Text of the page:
WASHINGTON — This is just a reminder of how bad things can become before they get better. File it under the heading "Lest we forget."

In the turbulent summer of 1964, when a determined new president, Lyndon Johnson, was struggling to adopt what would become the most important civil-rights legislation since the Civil War, the FBI already had a long record of surveillance of Johnson's partner in the legislative effort, the Rev. Martin Luther King Jr.

King's hotel rooms and other venues had been bugged on an order from FBI Director J. Edgar Hoover and authorized by Attorney General Robert F. Kennedy and tacitly approved of by President John F. Kennedy.

Robert Kennedy's approval of the King surveillance came after Hoover informed him that the FBI was aware that President Kennedy was having an ardent affair with a woman with close ties to Mafia don Sam Giancana.

With a difficult re-election contest facing them, the implications were clear. A revelation of John Kennedy's relationship with Judith Campbell (later Exner) would have been devastating to the president's chances, particularly since Campbell had carried messages between the White House and Giancana.

Even after Kennedy was assassinated in the fall of 1963, elevating Johnson to the presidency, the intrusion into the life of the famed leader, whose courage was finally to bring a measure of true equality to millions of black Americans, continued.

Hoover was convinced that anti-American forces, more emphatically outside communist influences, were using King, an unfounded allegation easily incubated in the heat and paranoia of the Cold War and King's unceasing and effective efforts to reorder the possibilities for fellow blacks.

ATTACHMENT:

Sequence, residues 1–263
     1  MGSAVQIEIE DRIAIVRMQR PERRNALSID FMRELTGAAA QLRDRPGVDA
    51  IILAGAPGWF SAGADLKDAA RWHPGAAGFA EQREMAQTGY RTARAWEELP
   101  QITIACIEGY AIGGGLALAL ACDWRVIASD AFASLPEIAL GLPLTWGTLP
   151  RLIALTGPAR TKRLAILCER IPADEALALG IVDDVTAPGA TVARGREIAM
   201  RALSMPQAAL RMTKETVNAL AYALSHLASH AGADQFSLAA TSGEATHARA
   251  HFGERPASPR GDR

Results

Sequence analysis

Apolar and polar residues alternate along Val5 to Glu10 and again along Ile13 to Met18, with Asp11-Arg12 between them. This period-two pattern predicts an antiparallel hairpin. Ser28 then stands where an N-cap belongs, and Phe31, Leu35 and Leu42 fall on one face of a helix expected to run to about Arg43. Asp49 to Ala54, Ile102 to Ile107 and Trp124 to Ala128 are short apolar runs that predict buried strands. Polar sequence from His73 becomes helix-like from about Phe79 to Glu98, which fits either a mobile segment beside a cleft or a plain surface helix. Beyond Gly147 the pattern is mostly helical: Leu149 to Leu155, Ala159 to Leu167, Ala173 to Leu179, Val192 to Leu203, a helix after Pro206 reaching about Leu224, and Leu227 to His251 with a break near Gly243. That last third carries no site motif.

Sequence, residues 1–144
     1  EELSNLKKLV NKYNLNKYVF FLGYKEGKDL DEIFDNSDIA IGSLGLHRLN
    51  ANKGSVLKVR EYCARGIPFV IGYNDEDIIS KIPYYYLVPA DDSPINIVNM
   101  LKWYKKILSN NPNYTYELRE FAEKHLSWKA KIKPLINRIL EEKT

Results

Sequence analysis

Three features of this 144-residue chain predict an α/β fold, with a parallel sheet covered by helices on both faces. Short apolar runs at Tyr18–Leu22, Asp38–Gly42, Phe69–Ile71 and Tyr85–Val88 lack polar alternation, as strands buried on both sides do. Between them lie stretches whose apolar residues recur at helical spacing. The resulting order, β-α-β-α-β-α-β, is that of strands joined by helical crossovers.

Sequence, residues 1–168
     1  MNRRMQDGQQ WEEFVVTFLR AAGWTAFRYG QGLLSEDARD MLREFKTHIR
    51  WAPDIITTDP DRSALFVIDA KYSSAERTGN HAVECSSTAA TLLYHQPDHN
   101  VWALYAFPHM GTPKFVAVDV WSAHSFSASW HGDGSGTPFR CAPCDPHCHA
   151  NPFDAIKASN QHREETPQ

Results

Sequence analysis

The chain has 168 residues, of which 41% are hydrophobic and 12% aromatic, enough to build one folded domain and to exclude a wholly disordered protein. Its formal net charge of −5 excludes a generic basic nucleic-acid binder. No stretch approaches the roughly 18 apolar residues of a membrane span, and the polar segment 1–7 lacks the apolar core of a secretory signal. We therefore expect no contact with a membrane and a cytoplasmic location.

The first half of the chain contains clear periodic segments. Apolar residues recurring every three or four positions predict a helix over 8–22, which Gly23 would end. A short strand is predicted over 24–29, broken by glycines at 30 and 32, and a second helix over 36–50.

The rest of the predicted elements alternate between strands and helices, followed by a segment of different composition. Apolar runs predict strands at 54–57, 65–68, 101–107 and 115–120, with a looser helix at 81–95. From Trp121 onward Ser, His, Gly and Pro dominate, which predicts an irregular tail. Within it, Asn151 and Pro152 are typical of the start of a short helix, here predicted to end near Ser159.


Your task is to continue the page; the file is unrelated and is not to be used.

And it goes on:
In fact, during the Democratic National Convention in Atlantic City, N.J., that August, the FBI had placed listening devices in King's hotel suite and Johnson had used bureau agents, some of whom posed as delegates on the convention floor, as informants.

By then, Johnson believed that Robert Kennedy was a political threat. His suspicions seemed confirmed when an appearance by Kennedy brought a standing ovation that rolled over the cavernous Atlantic City Convention Center as delegates ignored every effort to break it off.

The unjustified intrusion into King's personal life and Hoover's misuse of his almost dictatorial authority to slow the momentum of the civil-rights movement were among the most despicable incidents in the annals of the bureau.

All this came to mind when just before King's birthday and the celebration of Martin Luther King Jr. Day, some blacks became upset over what they viewed as efforts to downgrade King's influence in the passage of the 1964 legislation and give all the credit to Johnson. The debate, which for a few moments engulfed the race for the Democratic presidential nomination, stemmed from a remark by Sen. Hillary Rodham Clinton that King's dreams became reality when Johnson got the bill passed.

Actually, King and Johnson deserve equal credit. The bill's difficult passage in Congress was brought about because of a mutual dependency. Johnson would not have succeeded without King's unceasing campaign for civil rights that finally awakened millions of Americans to continuing injustices. And King needed Johnson's official support and skillful legislative maneuvering.

The reality of this partnership, of course, is that it took place with both men not quite trusting the other, and in an atmosphere rife with political and other turmoil. That Johnson, who was well aware of the FBI's activities, could nevertheless move forward is testimony to the Texan's masterful ability to put aside even such a seemingly bizarre situation to achieve what he considered, correctly, was the better good.

At the same time, King had clearly shown that he was not about to cave in to the latest attempts to derail his hopes. He used Johnson just as Johnson had used him. We are all certainly better off for the alliance, as unholy as it might have seemed to some blacks and whites.

Ironically, the Kennedy brothers became major icons for African-Americans, who apparently chose, if they knew of it, to overlook their role in this ugly chapter of history. Johnson never received the credit he was due for bucking his own Southern roots to bring King's dreams to statutory reality. That this injustice continues is not surprising given the national passion for historic revisionism.

Dan K. Thomasson is former editor of the Scripps Howard News Service.